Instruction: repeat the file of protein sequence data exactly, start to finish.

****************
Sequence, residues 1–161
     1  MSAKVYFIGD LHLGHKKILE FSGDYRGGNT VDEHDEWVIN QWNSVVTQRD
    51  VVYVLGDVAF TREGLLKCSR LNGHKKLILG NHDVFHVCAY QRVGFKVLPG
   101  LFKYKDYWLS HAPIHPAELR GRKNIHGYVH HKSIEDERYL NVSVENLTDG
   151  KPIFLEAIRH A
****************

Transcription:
Sequence, residues 1–161
     1  MSAKVYFIGD LHLGHKKILE FSGDYRGGNT VDEHDEWVIN QWNSVVTQRD
    51  VVYVLGDVAF TREGLLKCSR LNGHKKLILG NHDVFHVCAY QRVGFKVLPG
   101  LFKYKDYWLS HAPIHPAELR GRKNIHGYVH HKSIEDERYL NVSVENLTDG
   151  KPIFLEAIRH A